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Patches

The contraceptive patch is a sticky patch that delivers hormones into your body through the skin. It works in the same way as the combined pill. When used correctly, it is more than 99% effective at preventing pregnancy.

What is it?

The contraceptive patch is a sticky patch that delivers hormones into your body through the skin. It works in the same way as the combined pill and contains the same hormones- oestrogen and progestogen. It prevents the release of an egg, thickens the cervical mucus (making it harder for sperm to travel through the entrance of the womb) and thins the womb lining (making it less likely that a fertilised egg will implant there). When used correctly, it is more than 99% effective at preventing pregnancy.


Who can use it?

As the contraceptive patch is not suitable for everyone, it is important to see your doctor or nurse for advice. You may not be able to use the patch if:

  • You are pregnant or think you may be pregnant.
  • You are breastfeeding.
  • You smoke and are 35 and over.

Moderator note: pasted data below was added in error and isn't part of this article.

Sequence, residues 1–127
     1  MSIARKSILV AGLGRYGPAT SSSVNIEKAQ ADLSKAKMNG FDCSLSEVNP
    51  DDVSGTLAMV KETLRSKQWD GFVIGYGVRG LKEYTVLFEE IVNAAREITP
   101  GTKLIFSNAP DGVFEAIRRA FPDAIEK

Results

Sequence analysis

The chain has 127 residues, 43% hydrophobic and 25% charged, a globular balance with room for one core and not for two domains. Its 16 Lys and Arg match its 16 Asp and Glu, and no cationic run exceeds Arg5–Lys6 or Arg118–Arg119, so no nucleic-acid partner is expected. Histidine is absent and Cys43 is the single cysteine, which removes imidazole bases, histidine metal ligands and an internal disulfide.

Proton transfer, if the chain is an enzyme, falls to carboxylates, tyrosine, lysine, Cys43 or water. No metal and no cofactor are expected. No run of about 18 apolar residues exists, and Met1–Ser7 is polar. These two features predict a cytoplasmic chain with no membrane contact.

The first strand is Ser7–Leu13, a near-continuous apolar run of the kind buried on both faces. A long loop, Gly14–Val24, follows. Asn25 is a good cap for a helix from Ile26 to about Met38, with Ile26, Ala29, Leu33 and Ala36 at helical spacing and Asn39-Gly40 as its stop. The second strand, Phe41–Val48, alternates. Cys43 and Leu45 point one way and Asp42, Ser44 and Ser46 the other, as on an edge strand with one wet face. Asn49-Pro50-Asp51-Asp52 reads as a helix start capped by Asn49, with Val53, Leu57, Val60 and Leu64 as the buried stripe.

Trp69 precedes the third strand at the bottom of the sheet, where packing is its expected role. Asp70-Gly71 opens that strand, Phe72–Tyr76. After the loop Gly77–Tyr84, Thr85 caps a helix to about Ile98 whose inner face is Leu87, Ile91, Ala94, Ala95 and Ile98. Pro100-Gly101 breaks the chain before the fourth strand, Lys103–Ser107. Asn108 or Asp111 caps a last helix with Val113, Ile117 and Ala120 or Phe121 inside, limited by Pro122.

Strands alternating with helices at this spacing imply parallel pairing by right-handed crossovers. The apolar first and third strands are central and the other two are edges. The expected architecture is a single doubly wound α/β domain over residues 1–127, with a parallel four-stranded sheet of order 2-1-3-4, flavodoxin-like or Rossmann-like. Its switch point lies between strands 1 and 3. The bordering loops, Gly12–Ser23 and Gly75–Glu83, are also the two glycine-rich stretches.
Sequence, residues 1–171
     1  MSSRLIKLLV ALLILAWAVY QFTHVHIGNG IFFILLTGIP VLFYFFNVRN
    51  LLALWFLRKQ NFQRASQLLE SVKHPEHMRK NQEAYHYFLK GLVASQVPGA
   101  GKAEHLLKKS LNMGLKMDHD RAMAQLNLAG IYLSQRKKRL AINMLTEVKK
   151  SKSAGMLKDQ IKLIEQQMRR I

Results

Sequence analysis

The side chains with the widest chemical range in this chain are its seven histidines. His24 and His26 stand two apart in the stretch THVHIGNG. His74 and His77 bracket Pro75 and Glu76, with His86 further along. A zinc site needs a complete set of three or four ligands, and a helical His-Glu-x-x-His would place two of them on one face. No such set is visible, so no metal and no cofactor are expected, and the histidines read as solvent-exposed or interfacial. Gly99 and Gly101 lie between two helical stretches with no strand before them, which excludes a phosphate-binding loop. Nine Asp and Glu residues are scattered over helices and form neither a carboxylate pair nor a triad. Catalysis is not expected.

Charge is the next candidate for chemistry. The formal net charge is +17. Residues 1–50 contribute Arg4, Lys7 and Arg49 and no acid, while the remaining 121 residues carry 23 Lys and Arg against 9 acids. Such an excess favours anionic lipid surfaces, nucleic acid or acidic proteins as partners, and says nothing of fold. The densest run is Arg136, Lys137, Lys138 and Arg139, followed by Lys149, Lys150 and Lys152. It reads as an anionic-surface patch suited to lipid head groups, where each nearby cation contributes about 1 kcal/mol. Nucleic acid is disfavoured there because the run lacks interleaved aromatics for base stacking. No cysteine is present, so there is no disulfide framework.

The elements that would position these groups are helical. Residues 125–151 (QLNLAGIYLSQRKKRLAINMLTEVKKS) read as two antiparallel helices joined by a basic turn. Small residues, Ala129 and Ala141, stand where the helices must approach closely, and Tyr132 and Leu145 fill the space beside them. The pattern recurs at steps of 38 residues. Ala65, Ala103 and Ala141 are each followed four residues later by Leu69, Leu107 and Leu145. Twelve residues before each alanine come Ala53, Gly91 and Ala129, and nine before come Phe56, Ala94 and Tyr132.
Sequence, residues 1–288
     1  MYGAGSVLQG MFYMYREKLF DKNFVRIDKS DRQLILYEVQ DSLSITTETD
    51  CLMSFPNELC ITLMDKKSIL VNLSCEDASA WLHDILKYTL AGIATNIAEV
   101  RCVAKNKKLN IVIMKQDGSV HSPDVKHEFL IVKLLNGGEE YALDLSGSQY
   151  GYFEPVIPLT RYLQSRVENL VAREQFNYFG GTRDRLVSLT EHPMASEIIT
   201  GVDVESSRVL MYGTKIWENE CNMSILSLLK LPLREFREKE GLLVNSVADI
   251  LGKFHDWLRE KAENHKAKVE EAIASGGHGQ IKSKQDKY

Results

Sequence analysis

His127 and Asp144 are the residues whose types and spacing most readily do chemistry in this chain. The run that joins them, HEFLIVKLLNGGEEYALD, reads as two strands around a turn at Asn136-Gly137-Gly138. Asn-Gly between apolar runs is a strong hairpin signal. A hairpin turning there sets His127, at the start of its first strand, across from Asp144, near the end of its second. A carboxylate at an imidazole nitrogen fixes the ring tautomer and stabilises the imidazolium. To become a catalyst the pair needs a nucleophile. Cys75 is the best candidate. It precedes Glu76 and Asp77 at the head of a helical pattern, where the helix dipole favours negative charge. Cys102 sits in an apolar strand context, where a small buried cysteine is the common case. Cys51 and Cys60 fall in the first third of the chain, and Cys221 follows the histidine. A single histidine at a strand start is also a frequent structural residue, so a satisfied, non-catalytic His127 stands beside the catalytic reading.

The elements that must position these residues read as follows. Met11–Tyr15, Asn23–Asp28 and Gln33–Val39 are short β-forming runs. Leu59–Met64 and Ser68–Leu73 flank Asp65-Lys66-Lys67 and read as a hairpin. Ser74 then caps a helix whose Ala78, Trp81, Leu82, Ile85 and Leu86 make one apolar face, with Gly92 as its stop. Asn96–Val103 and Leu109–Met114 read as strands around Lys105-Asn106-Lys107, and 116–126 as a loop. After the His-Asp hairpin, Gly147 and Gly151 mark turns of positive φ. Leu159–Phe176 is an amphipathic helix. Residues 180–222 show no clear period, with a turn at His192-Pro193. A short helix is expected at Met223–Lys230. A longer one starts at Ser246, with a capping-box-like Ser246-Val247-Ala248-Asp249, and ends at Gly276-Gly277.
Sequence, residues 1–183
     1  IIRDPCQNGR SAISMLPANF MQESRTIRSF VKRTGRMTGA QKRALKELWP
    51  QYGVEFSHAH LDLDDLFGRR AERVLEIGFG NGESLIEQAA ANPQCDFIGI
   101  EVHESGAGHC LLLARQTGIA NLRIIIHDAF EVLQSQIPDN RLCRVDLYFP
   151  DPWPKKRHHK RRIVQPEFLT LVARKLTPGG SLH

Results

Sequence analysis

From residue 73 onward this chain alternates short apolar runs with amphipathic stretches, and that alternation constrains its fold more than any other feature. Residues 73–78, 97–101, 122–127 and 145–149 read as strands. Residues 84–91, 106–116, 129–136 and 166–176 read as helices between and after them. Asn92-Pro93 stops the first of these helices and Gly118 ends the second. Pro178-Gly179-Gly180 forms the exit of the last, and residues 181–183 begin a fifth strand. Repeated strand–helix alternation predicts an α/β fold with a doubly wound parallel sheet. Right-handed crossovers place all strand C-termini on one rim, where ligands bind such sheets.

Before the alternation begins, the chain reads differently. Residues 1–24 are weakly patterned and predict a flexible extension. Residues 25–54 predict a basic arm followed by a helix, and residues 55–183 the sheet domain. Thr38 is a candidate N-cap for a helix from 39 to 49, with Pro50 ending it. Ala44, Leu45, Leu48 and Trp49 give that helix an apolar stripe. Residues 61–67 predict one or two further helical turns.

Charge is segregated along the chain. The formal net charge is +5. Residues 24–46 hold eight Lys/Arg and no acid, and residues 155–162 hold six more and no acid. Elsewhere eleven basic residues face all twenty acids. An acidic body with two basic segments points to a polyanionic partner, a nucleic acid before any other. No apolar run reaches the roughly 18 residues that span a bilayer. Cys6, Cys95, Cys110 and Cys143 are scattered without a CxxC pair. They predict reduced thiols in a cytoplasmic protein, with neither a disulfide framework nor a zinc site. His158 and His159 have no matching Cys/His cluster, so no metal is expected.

• You are 35 and over and stopped smoking less than a year ago.
  • You are overweight.
  • You take certain medicines (for example, St John’s Wort and medicines used to treat epilepsy, TB or HIV).
  • You have or have had thrombosis in a vein or artery, a heart problem or disease affecting your blood circulatory system (including high blood pressure), migraine with aura, breast cancer, disease of the liver or gall bladder or diabetes with complications (or diabetes for more than 20 years).
What are the advantages?
  • It is easy to use and does not interrupt sex.
  • They are very effective at preventing pregnancy.
  • You only have to remember to change it once a week.
  • The hormones do not have to be absorbed by the stomach, so it is just as effective even if you vomit or have diarrhoea.
  • It tends to make you periods regular, lighter and less painful.
  • It can help with premenstrual symptoms.
  • It may reduce the risk of ovarian, womb and bowel cancer.
  • It may reduce the risk of fibroids, ovarian cysts and non-cancerous breast disease.
What are the disadvantages?
  • It may be visible.
  • It may cause skin irritation, itching and soreness.
  • It does not protect against STIs.
  • Possible mild temporary side effects when they start using the patch such as headaches, nausea, breast tenderness and mood changes.
  • Bleeding between periods and spotting is common in the first few cycles of using the patch.
  • The patch slightly increases your chance of developing a blood clot.
Where can you get it?

You can get the patch for free through the NHS on prescription from your GP or from our clinics.

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